14ymedio, Luz Escobar, Havana, 16 June 2017 – The closure of three private restaurants in Havana last week has sparked doubts among owners of food service businesses. The fact that the three paladares – private restaurants – were rated “excellent” on Trip Advisor, one of the most important travel sites on the web, has fueled fears that the authorities are acting against the more prosperous businesses.
The police closed El Litoral, Dolce Vita and Lungo Mare, all located in the Vedado neighborhood, after a high-profile operation and the seizure of many goods, 14ymedio was able to confirm.
Alejandro Marcel Mendevil, the visible face of El Litoral, which operates under the name of his mother, Nardis Francisca Mendivil, had previously had legal problems when working for a company linked to the Ministry of Tourism, according to an employee of the place who preferred to remain anonymous. On that occasion he was “under investigation with other employees” for an alleged diversion of resources detected in the entity, which operated with foreign capital.
That investigation ended without charges but according to the same employee “the suspicion clung to him that he was laundering the embezzled money through El Litoral.”
Nardis Francisca Mendivil, legal owner of El Litoral, refuses to talk to the press so as not to harm her son, who is imprisoned in 100 and Aldabó and subject to a warning from State Security, but she does deny the version published by some media according to which he was the proprietor of the three closed paladares.
“We have nothing to do with Lungo Mare,” said the mother of the detainee. Other sources stated that her son also managed that paladar at one time, but had sold it “a few months ago.”
In addition, Señora Mendival complains that it is not the first time that they have tried to impute false crimes to her son; in the past he was accused of the death of a police officer who, according to Señora Mendival, shot “himself in a patrol car,” a few yards from the restaurant.
The closing of the restaurants took place after an exhaustive search by the Technical Department of Investigations in cooperation with police forces.
The news of what happened circulated through emails in the Cubapaladar newsletter on food service businesses. Its organizers were quick to remove the premises from their list of recommendations and asserted that they will never include an establishment that is “under a legal investigation or involved in any case that violates any Cuban law.”
This Thursday, an improvised sign with the word “Closed” was the only visible sign to customers at door of number 161 Malecón between K and L where until recently the El Litoral was overflowing with activity. The area is now deserted.
The operation and the confiscation of numerous belongings from the premises were the subject of comments from the whole neighborhood. “I saw many things: air conditioners, drinks of different brands they had in the cellar, chairs, tables, they even took the cutlery away,” says a neighbor.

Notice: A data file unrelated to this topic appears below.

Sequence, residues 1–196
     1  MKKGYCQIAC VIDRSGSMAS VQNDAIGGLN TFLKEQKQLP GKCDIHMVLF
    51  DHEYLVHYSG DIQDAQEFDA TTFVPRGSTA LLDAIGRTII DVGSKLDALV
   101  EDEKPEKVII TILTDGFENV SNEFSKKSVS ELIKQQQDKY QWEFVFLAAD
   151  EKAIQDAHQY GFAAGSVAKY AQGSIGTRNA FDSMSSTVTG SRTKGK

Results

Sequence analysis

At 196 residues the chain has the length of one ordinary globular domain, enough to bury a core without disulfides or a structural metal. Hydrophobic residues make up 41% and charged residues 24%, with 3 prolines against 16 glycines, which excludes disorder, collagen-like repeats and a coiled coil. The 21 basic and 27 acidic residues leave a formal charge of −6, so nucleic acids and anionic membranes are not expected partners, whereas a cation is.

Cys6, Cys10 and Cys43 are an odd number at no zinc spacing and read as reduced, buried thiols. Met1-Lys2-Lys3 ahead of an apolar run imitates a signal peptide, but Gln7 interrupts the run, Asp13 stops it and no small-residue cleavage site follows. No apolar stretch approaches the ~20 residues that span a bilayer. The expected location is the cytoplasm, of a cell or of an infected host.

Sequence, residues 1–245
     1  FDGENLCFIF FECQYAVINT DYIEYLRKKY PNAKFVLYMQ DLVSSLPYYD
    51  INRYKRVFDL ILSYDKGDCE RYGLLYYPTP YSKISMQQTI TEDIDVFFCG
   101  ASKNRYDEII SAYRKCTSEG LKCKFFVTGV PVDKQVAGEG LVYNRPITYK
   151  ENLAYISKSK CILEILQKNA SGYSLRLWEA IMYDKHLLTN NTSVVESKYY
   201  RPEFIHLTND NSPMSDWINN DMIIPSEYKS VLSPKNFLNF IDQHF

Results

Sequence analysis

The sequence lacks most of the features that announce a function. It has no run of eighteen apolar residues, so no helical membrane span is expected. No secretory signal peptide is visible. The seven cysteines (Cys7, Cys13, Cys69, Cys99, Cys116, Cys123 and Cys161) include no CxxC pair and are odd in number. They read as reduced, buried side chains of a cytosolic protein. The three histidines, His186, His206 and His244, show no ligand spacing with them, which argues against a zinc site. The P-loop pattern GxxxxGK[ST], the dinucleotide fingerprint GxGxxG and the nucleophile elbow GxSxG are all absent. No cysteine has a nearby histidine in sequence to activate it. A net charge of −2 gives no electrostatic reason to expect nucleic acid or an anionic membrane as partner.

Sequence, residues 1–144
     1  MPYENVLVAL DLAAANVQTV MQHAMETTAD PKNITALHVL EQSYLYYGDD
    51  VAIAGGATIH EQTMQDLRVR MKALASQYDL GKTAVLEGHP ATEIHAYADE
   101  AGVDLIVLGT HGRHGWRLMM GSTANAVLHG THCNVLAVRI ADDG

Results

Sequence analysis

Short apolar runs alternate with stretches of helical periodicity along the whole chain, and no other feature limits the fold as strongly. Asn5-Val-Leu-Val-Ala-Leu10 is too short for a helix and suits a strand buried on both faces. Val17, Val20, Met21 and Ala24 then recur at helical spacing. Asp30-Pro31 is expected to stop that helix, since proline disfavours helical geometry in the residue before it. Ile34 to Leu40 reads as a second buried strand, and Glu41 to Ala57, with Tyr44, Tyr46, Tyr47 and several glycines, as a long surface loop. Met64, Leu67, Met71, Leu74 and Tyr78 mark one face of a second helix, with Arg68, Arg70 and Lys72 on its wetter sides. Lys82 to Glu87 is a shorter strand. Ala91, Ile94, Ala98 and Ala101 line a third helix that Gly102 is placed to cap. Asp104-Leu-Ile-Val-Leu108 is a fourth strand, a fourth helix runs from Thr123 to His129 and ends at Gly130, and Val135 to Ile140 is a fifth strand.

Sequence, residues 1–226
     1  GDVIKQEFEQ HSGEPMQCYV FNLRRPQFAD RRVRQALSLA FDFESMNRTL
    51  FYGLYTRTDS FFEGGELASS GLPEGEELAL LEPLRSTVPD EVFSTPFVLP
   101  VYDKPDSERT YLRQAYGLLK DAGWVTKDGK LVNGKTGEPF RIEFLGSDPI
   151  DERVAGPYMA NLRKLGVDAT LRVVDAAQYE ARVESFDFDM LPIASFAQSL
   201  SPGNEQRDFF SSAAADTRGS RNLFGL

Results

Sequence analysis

According to an employee who spoke to 14ymedio, agents also took everything that was in the basement where a new space was going to be inaugurated for “tasting exquisite drinks and Cuban cigars.”
The site, with a wide-ranging menu specializing in seafood and fish, soon became a emblem of the new era for Cuban entrepreneurship after the flexibilizations for the self-employed sector promoted by Raúl Castro’s Government as of 2010.
“From the moment you walked through the door, you felt that you were not in Cuba because of the variety of dishes and the efficiency of the service,” says Grégory, a Frenchman who has visited Cuba more than a dozen times in the past decade, where he has “two daughters and many friends.”
However, those times of bonanza and glamor seem to have ended in the large house with a view directly to the sea.
The scene at El Litoral is repeated in the restaurant Dolce Vita, specializing in Mediterranean food and also located on Havana’s Malecón. The restaurant, which was a bustle of waiters and customers, is now closed, lock stock and barrel.
At the corner of Calle 1a and C, in Vedado, silence has also taken over the outside terrace and the interior area of Lungo Mare. Underneath its distinctive red and white striped awning there is no longer the noise of the silverware or the clinking of the glasses. “This is dead and it will take a long time for it to rise again,” jokes a newspaper salesman who mourns the situation.
“The whole neighborhood benefited from this restaurant because many people came and I could sell some of my newspapers at a slightly better price,” he explains.
“This happened because it stood out a lot,” says Luis Carlos, a young man who delivers agricultural products for several restaurants in the area. “El Litoral became a reference point and many foreigners and diplomats came,” he explains. “Here they sold the best croquettes in Havana and that’s not a joke.”
No other private restaurant or coffee shop owner in the area has wanted to comment on the case.